Talking about things nickel, hopes are building that the IGO/Buxton joint venture is opening up a new magmatic nickel province in the West Kimberley region.
The pair reported a 6.57m hit during the week of visually logged copper and nickel sulphides at the Dogleg prospect, about 13km along strike from their Merlin nickel-copper-prospect where high-grade hits within the Ruins dolerite have previously been encountered.
Assays from the Dogleg intersection are likely in 4-8 weeks’ time. Always best to wait for assays no matter how good the core looks. But it has to be said that in a better nickel market, there would have been a bigger celebration in the share price of a junior like Buxton (20.5c) than there has been.
Watching the Dogleg/Merlin work with keen interest is Chris Cairns’ Stavely Minerals (ASX:SVY and trading at 7.5c). Better known for its ongoing hunt for big-time copper in western Victoria, Stavely decided a while back that winter downtime in Victoria could be offset by having a WA project.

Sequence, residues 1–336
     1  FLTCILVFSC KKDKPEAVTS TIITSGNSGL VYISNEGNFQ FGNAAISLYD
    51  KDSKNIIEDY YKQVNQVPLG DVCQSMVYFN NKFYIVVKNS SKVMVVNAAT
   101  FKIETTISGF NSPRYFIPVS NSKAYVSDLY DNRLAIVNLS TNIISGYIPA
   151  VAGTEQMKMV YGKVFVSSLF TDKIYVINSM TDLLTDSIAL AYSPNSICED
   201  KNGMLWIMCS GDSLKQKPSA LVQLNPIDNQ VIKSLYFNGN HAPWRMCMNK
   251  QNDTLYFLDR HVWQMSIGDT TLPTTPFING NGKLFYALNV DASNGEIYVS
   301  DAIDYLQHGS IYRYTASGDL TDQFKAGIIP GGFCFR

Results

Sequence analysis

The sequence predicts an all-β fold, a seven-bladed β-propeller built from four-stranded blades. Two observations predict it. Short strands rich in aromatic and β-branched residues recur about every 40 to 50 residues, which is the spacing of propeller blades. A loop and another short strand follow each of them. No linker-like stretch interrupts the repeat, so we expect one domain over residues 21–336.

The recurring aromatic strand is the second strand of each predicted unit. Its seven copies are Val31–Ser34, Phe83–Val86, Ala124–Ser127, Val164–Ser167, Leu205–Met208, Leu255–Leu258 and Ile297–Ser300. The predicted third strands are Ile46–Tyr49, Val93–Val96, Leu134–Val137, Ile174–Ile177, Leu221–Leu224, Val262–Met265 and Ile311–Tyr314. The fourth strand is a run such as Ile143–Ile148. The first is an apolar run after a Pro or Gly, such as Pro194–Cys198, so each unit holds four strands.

That led it to its Hawkstone project, the boundary of which sits about 1km along strike from Merlin. Stavely reckons Hawkstone contains 30km of easterly strike continuation of the Ruins dolerite. The idea is that there could be multiple mineralised positions along the Ruins.
Stavely has got moving on all of the things needed to be done to work up drill targets on its side of the fence.
It can pay for investors to have patience and to pick their timing when it comes to the exploration approvals process in Victoria.
S2R Resources (ASX:S2R) is today’s example. Led by executive chairman Mark Bennett of Sirius/Nova-Bollinger fame, S2R picked up one the hottest blocks of gold exploration ground way back in 2021.